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thing came out and it was sent to all of the fed officials, it looks even worse kaplan as well i mean that this note went out, maybe it wasn't followed even where were the ethics officers inside the individual district banks who would have received this memo ostensibly from the board of governors, saying, no, the guidance now we're getting from washington is not to do this so it looks to me, with all due respect to bill, like the system failed in multiple places. >> i'm not sure, bill, i think you would almost agree with that i think that is your point here. do you want to kind of add a final word where does this then leave the fed and chair powell >> the corporate culture at the fed, at the staff level has always been pristine what has been lost has been that enforcement mechanism for people who have come in from the outside, especially at the top i think one of the things that we have to do is to strengthen those rules, but i think there's no doubt that everyone who works on the staff is well aware of the sensitivity of their work and well aware that what they do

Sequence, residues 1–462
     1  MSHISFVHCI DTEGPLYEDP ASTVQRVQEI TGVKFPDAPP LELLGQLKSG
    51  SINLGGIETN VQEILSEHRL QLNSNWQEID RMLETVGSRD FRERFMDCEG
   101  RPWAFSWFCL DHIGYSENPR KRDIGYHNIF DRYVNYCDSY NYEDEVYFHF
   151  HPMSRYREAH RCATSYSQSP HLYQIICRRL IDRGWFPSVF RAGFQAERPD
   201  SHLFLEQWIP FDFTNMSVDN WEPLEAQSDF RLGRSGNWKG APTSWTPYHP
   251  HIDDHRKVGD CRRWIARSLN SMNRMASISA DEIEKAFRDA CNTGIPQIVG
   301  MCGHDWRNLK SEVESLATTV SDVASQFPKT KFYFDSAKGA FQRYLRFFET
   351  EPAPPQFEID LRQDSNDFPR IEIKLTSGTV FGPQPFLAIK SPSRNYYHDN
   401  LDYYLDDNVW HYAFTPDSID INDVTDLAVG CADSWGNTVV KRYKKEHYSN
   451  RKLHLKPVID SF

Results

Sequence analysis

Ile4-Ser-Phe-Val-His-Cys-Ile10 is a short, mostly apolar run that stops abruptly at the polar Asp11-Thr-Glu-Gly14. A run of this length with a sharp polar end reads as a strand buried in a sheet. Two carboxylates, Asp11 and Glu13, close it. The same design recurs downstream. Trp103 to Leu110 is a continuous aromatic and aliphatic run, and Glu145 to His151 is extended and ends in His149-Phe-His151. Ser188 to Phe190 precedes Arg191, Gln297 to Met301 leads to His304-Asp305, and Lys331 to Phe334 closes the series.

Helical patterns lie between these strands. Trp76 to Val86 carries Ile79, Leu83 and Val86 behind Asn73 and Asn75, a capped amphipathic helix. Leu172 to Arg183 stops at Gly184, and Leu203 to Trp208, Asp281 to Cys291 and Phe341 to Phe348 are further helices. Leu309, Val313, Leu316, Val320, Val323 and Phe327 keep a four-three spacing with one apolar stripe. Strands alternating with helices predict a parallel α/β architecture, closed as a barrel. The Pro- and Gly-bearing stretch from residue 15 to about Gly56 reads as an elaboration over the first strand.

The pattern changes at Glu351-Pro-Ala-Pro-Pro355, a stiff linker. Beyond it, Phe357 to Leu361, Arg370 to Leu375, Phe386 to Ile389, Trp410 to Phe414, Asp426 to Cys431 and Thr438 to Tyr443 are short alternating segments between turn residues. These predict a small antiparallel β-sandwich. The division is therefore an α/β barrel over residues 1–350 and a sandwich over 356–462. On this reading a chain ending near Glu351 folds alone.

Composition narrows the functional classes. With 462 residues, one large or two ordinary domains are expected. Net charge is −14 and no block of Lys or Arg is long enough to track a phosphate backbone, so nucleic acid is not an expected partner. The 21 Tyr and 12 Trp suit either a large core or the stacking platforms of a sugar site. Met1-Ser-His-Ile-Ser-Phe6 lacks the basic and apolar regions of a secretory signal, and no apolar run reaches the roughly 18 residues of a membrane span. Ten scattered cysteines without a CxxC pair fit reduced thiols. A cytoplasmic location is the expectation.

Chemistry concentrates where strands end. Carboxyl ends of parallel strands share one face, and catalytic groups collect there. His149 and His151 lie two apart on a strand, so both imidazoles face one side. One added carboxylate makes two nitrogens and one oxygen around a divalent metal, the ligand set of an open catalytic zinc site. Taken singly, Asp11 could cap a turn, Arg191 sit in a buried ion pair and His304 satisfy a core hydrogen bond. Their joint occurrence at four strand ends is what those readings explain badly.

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has to look right, especially when congress is a place where political decisions are dominating decisions on monetary policy and you get -- instead of talent, you get political biases being put at the board what i'm most afraid of is that if this gives the biden administration, the progressives the opportunity to stuff the board, and that to me will be the biggest damage that goes about. >> i take your point >> kelly >> go ahead, steve >> if bill is making a decision tidecision -- distinction at the staff, i would agree. i don't have information at the staff level. bill may be making that distinction and i may have missed that. i would say i agree with that. >> sure, sure. i think everybody's points here suggest maybe it was outside the scope of what was seen as the norm or expected to be the norm as, you know, at least what we know at this point guys, we will leave it there really appreciate it bill lee and steve liesman